International Journal of Environmental and Ecology Research

International Journal of Environmental and Ecology Research


International Journal of Environmental and Ecology Research
International Journal of Environmental and Ecology Research
2021, Vol. 3, Issue 2
Shifting cultivation, climate change and environment poverty nexus: an anthropological study among tribal communities of odisha, India

Debendra Kumar Biswal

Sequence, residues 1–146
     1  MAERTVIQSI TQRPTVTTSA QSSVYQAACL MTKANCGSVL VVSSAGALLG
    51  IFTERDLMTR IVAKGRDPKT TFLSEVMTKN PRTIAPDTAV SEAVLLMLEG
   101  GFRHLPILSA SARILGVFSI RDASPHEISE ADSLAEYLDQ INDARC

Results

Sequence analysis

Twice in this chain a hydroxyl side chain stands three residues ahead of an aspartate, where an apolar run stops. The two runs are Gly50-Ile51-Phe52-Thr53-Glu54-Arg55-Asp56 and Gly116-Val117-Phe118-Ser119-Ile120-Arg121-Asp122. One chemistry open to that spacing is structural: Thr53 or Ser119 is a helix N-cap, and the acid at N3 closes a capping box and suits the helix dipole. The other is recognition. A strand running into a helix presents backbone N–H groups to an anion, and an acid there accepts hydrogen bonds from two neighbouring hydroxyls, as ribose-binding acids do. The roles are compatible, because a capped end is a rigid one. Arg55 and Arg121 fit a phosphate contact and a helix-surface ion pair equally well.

Shifting cultivation, variously known as rotational bush-fallow agriculture, swidden cultivation or slash-and-burn cultivation is an ancient form of agriculture practiced in hilly terrains, mostly by the tribal communities of India. Recently, two major issues are debated for this agricultural practice; firstly, its impact upon the environment contributing to climate change and secondly, adaptation to climate change of the practitioners of shifting cultivation. The present paper examines the nature of shifting cultivation and its role in climate change in Koraput region of Odisha, which is known for its ecological wealth or genetic prosperity coexisting with poverty. Though there is less literature on emission of green gases from this anthropogenic source in this region, some studies have observed huge emission of CO2 from the burning of biomass of shifting sites, causing deforestation, lowering soil fertility, degradation of quality and quantity of water flow, soil erosion and ecological disturbances. The hill slopes with reduced shifting cycles was found to be prevalent. In addition, there is reduction of “rasa” (nutrient content) in water due to hillside degradation. According to villagers, it is due to absence of fertilizer usage and consequently less nutrient flow from hillsides. Secondly, this paper critically examines the importance of shifting cultivation for tribal livelihood, which provides food security for 4-5 months (September-January) for the tribal communities. Since the nature of the agricultural practice is labour intensive and not technology intensive, it can be argued that it is significant for conceptualizing sustainable development. This paper also advocated for the role of spatial approach- adaptation to climate change and implications of environmental and poverty programs in bringing the environment-poverty nexus closer to the climate change agenda.
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